Dr Marios Koutsakos
Peter Doherty Institute for Infection and Immunity
22 November 2021

Dr Marios Koutsakos is a postdoctoral research fellow at the Peter Doherty Institute for Infection and Immunity, University of Melbourne. He works on the development of a universal influenza B vaccine and on understanding the fundamental biology of immune responses to vaccination. Dr Koutsakos received the 2020 NHMRC Frank Fenner Investigator Grant Award. 

In 1940, a new virus was isolated from the respiratory tract of children. This virus had somewhat different characteristics to the recently isolated influenza A viruses (IAV) causing similar disease and was named influenza B virus (IBV). 

IBVs circulate annually during seasonal epidemics and typically account for one quarter of annual influenza cases. However, in some years IBVs can account for more than 80 per cent of influenza cases and can cause significantly severe disease in younger populations.  Indeed, up to 52 per cent of influenza-related paediatric deaths can be attributed to IBV.

Despite the considerable health and subsequent socio-economic burden of IBV, research has primarily focused on IAV, leaving IBV overlooked. This is mostly a result of the lack of animal reservoirs for IBV, in contrast to IAVs, which have reservoirs in a large number of animal species. Animal-derived IAV strains that acquire the ability to efficiently transmit from human to human, and to which humans have little immunity against, can cause devastating pandemics. Because IBVs do not have established animal reservoirs, and therefore cannot cause pandemics, they have been overlooked.

This lack of animal reservoirs, however, may potentially make IBVs vulnerable to elimination. That would require high levels of immunisation with vaccines that induce broadly protective and long-lasting immune responses and that can be administered to all age groups. However, such a vaccine is currently not available.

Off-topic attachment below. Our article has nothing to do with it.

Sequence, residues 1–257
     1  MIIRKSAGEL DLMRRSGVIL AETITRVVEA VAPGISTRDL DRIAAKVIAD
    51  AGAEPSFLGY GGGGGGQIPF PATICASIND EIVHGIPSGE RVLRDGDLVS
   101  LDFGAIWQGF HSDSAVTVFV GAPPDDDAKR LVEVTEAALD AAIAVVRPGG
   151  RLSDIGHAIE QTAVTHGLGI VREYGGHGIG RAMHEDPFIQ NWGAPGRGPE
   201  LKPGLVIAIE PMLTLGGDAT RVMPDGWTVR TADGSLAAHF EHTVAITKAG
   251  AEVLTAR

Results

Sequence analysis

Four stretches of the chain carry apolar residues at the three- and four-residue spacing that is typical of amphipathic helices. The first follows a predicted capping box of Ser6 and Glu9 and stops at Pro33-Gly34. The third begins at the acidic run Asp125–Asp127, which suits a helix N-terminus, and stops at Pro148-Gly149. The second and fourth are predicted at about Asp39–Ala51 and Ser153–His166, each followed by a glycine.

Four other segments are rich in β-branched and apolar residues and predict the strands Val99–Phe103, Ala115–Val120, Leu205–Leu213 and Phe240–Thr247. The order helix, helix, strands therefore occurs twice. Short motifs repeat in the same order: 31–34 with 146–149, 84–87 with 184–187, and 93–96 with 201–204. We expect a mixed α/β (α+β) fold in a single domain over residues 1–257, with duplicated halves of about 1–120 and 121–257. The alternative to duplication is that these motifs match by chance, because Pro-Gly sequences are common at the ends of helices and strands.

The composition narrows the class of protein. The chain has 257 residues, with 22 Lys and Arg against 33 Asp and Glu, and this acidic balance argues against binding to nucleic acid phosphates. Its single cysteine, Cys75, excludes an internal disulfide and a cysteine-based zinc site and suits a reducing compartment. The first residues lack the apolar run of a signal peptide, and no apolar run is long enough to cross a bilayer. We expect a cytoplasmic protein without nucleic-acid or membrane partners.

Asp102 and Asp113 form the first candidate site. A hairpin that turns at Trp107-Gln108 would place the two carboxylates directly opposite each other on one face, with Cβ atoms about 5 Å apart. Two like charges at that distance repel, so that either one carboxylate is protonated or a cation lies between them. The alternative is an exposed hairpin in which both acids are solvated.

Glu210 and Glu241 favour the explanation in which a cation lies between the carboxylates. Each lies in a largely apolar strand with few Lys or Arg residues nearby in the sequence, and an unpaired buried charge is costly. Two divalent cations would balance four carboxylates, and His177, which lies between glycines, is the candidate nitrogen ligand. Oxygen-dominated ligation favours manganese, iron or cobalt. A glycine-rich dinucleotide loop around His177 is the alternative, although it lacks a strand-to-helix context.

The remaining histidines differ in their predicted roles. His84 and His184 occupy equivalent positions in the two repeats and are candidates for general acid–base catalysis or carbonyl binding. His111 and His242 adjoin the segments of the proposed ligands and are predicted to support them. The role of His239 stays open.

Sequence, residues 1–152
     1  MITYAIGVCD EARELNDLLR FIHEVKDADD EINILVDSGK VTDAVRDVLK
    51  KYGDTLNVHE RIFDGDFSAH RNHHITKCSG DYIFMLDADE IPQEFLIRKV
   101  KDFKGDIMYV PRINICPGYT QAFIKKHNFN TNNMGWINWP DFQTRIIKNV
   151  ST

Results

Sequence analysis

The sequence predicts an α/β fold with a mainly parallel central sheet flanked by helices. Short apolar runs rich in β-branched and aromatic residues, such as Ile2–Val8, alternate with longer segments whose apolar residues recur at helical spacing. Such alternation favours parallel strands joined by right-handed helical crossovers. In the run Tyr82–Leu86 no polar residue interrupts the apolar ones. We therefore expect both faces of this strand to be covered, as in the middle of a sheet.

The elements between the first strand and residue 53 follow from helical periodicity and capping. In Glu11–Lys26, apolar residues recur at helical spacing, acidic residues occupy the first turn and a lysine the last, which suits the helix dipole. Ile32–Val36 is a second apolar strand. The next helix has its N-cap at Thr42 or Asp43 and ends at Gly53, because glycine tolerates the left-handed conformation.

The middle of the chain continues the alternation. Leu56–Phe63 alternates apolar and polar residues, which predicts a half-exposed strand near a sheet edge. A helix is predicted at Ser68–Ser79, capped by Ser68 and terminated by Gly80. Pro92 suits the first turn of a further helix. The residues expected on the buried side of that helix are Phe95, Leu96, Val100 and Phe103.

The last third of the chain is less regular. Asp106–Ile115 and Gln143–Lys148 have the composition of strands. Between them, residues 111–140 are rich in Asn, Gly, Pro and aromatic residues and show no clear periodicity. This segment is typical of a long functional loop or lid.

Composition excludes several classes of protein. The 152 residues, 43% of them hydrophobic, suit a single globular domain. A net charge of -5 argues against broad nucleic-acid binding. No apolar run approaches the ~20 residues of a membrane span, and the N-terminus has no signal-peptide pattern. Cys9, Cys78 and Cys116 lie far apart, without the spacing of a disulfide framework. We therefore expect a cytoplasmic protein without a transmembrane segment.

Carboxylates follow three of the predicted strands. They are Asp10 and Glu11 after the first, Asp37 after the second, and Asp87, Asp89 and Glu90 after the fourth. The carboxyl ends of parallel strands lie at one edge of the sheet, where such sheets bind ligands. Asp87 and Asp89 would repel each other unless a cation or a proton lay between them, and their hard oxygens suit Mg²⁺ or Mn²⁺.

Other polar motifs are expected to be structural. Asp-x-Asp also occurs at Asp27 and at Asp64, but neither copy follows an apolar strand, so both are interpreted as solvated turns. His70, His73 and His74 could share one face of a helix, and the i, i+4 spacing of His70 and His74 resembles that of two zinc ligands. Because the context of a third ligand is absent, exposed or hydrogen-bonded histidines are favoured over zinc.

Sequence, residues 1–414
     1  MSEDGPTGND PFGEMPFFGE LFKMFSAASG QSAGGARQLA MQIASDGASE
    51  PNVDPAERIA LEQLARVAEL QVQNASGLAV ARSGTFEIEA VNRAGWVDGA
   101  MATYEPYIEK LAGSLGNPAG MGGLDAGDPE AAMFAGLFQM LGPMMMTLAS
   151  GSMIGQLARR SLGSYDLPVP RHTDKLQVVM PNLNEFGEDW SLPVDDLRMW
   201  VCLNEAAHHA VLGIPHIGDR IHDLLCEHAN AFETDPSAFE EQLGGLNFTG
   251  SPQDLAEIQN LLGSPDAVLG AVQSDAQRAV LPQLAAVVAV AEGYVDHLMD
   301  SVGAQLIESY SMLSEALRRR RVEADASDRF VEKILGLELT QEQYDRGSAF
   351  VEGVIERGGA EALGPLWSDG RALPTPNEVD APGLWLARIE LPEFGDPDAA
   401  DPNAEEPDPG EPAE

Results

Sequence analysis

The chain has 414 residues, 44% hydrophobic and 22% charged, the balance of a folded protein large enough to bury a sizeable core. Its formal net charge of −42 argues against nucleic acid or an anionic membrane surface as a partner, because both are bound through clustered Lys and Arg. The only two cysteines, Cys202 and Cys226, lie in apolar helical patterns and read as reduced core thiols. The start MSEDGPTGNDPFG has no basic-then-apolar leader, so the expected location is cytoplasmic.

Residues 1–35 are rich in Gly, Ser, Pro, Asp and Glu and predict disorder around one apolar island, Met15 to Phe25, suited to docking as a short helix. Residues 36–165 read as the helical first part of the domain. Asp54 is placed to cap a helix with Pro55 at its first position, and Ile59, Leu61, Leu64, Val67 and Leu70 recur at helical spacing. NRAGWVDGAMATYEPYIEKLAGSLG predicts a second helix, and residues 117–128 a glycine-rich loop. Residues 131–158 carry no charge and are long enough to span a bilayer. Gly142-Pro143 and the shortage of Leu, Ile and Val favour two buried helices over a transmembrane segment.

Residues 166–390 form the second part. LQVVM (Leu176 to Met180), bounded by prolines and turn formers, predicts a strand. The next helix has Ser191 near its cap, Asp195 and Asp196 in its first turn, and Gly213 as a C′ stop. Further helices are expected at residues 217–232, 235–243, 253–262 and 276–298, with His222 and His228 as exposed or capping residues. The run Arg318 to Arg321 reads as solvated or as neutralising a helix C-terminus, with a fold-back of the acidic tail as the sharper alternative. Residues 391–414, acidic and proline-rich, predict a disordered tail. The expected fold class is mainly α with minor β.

Current influenza vaccines can be trivalent (including 2 IAV strains and 1 IBV strain) or quadrivalent (2 IAV and 2 IBV strains). However, they are on average only 50 per cent effective. Additionally, these vaccines need to be updated every year to account for the emergence of new influenza strains that are not covered by the contemporary vaccine composition. This is a laborious and costly process that occurs twice every year, once for each hemisphere. Therefore, although these vaccines are currently our best line of defence against influenza viruses, research is needed to improve the efficacy of influenza vaccines and reduce the impact of influenza viruses, including IBV.

Our research is focused on understanding how IBVs evolve over time to evade the immune system. By gaining a thorough understanding of viral evolution at the molecular level, we hope to rationally design vaccines that provide universal protection against multiple strains of IBV and may not require annual reformulation. Understanding how viruses evolve over time under immune pressure and how to vaccinate against such viruses could be of benefit in our efforts to reduce the impact of other ever-changing viruses like IAV and SARS-CoV-2. 

We are further working to understand how IBVs replicate inside human cells to identify steps of the viral life cycle that may be vulnerable to inhibition. This could allow for the development of novel therapeutics or new ways to weaken the virus and generated efficacious and safe live-attenuated vaccine platforms.

I was very honoured to receive the Frank Fenner Investigator award in recognition and in support of my research on influenza B viruses. I am grateful to my mentors, colleagues and collaborators, who have been instrumental in facilitating this research.